4. Leslie E. Papke & Jeffrey M. Wooldridge, 1993. "Econometric Methods for Fractional Response Variables with an Application to 401(k) Plan Participation Rates," NBER Technical Working Papers 0147, National Bureau of Economic Research, Inc.
  5. Matthew Rabin., 2000. "Inference by Believers in the Law of Small Numbers," Economics Working Papers E00-282, University of California at Berkeley.
  6. Timothy C. Salmon, 2001. "An Evaluation of Econometric Models of Adaptive Learning," Econometrica, Econometric Society, vol. 69(6), pages 1597-1628, November.
  7. P.-A. Chiappori, 2002. "Testing Mixed-Strategy Equilibria When Players Are Heterogeneous: The Case of Penalty Kicks in Soccer," American Economic Review, American Economic Association, vol. 92(4), pages 1138-1151, September.
  8. Mark Walker & John Wooders, 2001. "Minimax Play at Wimbledon," American Economic Review, American Economic Association, vol. 91(5), pages 1521-1538, December.
  9. Antonio Cabrales & Walter Garcia Fontes, 2000. "Estimating learning models from experimental data," Economics Working Papers 501, Department of Economics and Business, Universitat Pompeu Fabra.
  10. Jason Shachat & J. Todd Swarthout, 2003. "Do We Detect and Exploit Mixed Strategy Play by Opponents?," Experimental 0310001, EconWPA.
  11. Atanasios Mitropoulos, 2001. "On the Measurement of the Predictive Success of Learning Theories in Repeated Games," Experimental 0110001, EconWPA.
  12. Yaw Nyarko & Andrew Schotter, 2002. "An Experimental Study of Belief Learning Using Elicited Beliefs," Econometrica, Econometric Society, vol. 70(3), pages 971-1005, May.
  13. Amos Tversky & Daniel Kahneman, 1979. "Prospect Theory: An Analysis of Decision under Risk," Levine's Working Paper Archive 7656, David K. Levine.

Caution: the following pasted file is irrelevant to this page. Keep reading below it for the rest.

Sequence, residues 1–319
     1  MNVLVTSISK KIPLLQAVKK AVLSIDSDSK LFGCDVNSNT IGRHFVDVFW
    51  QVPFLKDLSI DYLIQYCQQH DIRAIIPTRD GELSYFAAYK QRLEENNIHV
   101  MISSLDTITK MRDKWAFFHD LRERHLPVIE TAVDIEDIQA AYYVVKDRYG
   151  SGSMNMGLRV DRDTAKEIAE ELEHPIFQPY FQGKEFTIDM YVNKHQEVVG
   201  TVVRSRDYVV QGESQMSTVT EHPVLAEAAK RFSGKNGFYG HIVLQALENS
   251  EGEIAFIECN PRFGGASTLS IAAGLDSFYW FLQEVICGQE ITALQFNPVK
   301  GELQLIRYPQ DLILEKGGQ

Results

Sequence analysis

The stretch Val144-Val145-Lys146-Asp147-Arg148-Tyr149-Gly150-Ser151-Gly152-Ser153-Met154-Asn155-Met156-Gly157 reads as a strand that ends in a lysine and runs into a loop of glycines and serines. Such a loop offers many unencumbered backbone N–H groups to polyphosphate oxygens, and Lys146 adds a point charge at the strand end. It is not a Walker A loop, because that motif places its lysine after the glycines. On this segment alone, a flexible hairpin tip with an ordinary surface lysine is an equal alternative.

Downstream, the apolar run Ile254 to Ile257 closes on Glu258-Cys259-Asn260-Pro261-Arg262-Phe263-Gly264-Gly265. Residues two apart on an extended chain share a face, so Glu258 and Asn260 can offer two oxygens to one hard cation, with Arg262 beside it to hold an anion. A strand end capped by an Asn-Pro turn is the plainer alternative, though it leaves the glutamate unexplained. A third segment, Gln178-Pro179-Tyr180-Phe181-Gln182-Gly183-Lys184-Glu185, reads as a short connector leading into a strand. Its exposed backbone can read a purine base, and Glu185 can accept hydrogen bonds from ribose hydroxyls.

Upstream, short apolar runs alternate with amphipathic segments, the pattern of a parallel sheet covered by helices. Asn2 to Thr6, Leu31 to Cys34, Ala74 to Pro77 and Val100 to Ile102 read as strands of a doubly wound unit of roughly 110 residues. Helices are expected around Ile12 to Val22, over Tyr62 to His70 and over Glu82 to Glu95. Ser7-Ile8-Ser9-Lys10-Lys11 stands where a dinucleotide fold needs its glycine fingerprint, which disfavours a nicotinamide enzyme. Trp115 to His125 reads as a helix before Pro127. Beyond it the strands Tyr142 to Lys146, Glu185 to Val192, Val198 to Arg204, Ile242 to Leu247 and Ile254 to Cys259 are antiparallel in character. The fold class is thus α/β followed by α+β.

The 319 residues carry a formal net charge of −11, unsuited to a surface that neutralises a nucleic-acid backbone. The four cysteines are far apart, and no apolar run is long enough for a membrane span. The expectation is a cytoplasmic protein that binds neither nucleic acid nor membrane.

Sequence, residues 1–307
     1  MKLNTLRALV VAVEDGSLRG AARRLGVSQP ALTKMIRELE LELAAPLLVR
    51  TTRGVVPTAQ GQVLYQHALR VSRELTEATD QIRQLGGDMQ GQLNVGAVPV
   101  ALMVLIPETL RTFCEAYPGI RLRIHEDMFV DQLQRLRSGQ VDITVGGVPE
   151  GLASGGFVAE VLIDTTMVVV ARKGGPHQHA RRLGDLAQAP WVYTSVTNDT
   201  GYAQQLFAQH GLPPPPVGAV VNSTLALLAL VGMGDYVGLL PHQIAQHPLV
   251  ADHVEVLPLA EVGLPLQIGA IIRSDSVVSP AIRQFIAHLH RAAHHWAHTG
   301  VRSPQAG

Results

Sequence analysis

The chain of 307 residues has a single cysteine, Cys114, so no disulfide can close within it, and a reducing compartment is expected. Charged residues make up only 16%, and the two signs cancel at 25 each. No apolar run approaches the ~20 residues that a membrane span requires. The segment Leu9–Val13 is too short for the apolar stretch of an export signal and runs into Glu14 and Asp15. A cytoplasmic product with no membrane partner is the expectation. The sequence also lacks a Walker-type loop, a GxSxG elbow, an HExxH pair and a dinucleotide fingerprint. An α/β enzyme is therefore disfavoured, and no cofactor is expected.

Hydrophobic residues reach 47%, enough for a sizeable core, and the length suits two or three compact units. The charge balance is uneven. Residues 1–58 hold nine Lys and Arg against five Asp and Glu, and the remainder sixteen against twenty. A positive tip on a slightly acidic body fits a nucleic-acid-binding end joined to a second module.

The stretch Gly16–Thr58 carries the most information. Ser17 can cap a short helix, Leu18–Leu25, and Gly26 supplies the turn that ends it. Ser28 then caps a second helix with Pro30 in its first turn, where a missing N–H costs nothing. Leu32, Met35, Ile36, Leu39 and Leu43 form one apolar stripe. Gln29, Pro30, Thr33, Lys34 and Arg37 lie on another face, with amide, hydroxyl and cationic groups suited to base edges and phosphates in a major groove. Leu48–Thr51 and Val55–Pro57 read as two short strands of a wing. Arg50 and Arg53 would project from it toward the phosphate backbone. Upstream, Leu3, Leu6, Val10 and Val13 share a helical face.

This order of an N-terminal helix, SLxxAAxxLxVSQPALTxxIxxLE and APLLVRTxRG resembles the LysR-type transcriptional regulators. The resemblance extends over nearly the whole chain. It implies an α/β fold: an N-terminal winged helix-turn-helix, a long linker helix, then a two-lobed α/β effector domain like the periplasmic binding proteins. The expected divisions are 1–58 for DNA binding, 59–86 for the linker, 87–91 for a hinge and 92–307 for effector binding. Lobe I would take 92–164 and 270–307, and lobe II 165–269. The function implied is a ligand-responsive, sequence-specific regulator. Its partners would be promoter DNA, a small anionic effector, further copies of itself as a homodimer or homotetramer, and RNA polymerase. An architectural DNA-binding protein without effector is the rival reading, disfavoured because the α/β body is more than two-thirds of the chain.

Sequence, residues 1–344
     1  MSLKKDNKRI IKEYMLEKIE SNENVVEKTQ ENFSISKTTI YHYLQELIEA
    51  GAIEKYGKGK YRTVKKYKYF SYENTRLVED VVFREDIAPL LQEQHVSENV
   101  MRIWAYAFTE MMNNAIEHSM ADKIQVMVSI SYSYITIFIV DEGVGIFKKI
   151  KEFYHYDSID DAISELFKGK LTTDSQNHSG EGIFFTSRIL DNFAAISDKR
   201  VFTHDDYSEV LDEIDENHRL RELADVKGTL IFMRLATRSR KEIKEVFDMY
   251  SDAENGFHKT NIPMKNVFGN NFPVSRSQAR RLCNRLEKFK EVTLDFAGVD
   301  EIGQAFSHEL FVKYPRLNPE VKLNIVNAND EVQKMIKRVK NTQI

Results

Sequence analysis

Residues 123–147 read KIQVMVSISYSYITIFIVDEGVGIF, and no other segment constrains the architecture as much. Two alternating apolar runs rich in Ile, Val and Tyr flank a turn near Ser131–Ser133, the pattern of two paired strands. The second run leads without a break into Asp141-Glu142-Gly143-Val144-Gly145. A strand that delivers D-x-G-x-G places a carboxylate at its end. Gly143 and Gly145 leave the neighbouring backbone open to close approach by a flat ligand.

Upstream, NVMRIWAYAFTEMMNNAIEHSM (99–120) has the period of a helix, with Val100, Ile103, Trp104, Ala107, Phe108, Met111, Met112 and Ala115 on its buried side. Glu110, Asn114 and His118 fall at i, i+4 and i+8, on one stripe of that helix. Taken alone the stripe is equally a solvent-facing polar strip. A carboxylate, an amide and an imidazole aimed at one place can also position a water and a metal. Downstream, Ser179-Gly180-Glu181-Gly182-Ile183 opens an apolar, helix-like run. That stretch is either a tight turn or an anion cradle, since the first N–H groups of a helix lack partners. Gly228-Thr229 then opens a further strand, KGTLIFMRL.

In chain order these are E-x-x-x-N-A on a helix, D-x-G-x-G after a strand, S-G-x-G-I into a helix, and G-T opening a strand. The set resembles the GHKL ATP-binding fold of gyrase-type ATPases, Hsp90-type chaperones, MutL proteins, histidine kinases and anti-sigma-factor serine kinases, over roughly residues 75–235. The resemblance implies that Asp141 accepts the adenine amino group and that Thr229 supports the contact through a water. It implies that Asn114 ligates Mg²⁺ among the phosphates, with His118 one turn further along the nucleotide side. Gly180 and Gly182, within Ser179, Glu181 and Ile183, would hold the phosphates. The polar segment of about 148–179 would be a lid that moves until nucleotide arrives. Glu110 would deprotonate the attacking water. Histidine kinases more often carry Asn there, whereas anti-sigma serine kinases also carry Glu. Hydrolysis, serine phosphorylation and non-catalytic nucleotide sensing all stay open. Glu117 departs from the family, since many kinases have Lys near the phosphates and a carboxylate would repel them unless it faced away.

14. Cheung, Yin-Wong & Friedman, Daniel, 1997. "Individual Learning in Normal Form Games: Some Laboratory Results," Games and Economic Behavior, Elsevier, vol. 19(1), pages 46-76, April.
  15. Haruvy, Ernan & Stahl, Dale O., 2004. "Deductive versus inductive equilibrium selection: experimental results," Journal of Economic Behavior & Organization, Elsevier, vol. 53(3), pages 319-331, March.
  16. Roth, Alvin E. & Erev, Ido, 1995. "Learning in extensive-form games: Experimental data and simple dynamic models in the intermediate term," Games and Economic Behavior, Elsevier, vol. 8(1), pages 164-212.
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Cited by:
  1. Steven D. Levitt & John A. List & David H. Reiley, 2010. "What Happens in the Field Stays in the Field: Exploring Whether Professionals Play Minimax in Laboratory Experiments," Econometrica, Econometric Society, vol. 78(4), pages 1413-1434, 07.
  2. Steven Levitt & John List & David Reiley, 2010. "What happens in the field stays in the field: Professionals do not play minimax in laboratory experiments," Artefactual Field Experiments 00080, The Field Experiments Website.
  3. Kenneth Kovash & Steven D. Levitt, 2009. "Professionals Do Not Play Minimax: Evidence from Major League Baseball and the National Football League," NBER Working Papers 15347, National Bureau of Economic Research, Inc.
  4. Spiliopoulos, Leonidas, 2008. "Humans versus computer algorithms in repeated mixed strategy games," MPRA Paper 6672, University Library of Munich, Germany.